January 27, 1958 – February 5, 1991
Michael, I guess I met… I certainly met in the mid-80s because I cast him as a gay cowboy – as a singing cowboy and that whole gang of punks. first I cast them as the gay cowboys in “Kipling meets the Cowboys,” then “Pink Pimpernel” a couple of years later, and they were all caring for, hanging out on the roof with you – the Dandies, the apolitical Dandies, but lurking within their ranks are the hardcore activists. So, it was fun to cast the activists as the Dandies. And Michael… Michael also did, was involved in a bunch of video collective projects, “Veggie Daddy,” these sort of AIDS awareness vids that – loose collectives were formed and fell apart and there was a… that one was a hip hop, “Veggie Daddy” was a hip hop one. They sort of were… I actually, I can’t really retrieve them. In fact, they are available because one of them is in the compilation we put together at V-Tape. And so that’s retrievable in terms of V-Tape’s got it. But yeah, Michael was, you know, one of the forces of nature in the community on so many levels, and you know greatly missed. – John Greyson (AAHP transcript, p. 11-12)
He was a proud anarchist and when we had that debate about the scope of AIDS ACTION NOW!’s mission, he was on the side of arguing for a wider scope. He was one of the folks who stayed with us even though we made the difficult decision. And some of his anarchist friends were the ones who left. But he stayed on, with his sense of humor. What did he bring? Spark. He brought spark. He always wanted us to be in the streets and having fun while we were doing it, even though it was very serious work. That’s what I recall about him. – Glen Brown (AAHP transcript, p. 37)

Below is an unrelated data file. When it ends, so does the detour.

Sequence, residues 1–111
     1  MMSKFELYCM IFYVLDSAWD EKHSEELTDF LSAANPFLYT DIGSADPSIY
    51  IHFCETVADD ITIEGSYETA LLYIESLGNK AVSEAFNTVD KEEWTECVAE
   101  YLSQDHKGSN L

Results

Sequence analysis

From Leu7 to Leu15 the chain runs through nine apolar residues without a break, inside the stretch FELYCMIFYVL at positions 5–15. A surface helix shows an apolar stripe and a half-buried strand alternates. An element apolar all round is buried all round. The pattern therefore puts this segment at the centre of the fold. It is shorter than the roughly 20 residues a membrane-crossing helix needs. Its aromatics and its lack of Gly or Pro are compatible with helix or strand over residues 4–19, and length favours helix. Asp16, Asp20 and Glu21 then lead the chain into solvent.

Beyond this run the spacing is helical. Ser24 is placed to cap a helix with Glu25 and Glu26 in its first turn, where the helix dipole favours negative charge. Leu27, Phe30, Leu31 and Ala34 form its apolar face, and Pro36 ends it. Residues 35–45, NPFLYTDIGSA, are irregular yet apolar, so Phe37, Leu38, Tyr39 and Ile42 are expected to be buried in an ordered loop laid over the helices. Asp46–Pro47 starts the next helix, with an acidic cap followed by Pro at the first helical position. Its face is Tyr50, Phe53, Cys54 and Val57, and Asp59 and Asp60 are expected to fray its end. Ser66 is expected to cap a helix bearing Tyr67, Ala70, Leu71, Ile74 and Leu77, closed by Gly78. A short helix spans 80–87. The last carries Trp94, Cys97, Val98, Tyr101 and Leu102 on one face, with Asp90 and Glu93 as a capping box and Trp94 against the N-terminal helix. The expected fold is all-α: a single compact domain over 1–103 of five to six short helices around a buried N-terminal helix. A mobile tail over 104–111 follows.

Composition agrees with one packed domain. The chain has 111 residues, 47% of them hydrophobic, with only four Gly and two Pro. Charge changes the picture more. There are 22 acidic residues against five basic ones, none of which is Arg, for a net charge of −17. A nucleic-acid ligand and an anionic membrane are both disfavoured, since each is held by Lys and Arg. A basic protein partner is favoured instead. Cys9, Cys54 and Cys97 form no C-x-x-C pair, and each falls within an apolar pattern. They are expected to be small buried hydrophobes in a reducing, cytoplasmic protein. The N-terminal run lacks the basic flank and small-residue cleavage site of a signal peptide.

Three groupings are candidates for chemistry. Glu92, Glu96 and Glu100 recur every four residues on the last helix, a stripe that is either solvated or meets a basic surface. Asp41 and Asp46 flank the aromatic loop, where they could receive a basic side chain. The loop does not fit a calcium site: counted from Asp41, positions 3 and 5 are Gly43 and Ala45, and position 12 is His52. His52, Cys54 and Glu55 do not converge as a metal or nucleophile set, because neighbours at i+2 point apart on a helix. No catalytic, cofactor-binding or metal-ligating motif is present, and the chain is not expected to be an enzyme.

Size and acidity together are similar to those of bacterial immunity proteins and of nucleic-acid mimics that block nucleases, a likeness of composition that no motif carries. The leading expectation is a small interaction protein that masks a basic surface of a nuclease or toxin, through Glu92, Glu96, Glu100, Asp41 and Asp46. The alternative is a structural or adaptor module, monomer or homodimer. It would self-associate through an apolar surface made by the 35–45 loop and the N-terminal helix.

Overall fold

Alexis: Michael Smith –
Glen: Well first off, he was a proud anarchist and when we had that debate about the scope of AIDS ACTION NOW!’s mission, he was on the side of arguing for a wider scope. He was one of the folks who stayed with us even though we made the difficult decision. And some of his anarchist friends were the ones who left. But he stayed on, with his sense of humor. What did he bring? Spark. He brought spark. He always wanted us to be in the streets and having fun while we were doing it, even though it was very serious work. That’s what I recall about him.
Alexis: He did a play, right?
Gary: “Person Livid with AIDS.”
Alexis: Did you see that play?
Glen: I did. I remember it being critical of AIDS ACTION NOW!, but again with wit.
Alexis: Oh really. Okay, I didn’t know that.
Glen: He thought we were way too polite.
Glen: I think he might have even renamed us “AIDS ACTION PLEASE!” [laughter] It was something like that. And none of us took offense, because…
Alexis: Yeah, because that was Michael.
Glen: It was a very Michael thing, yeah.”
Interview with Glen Brown (AAHP transcript, p. 37-38)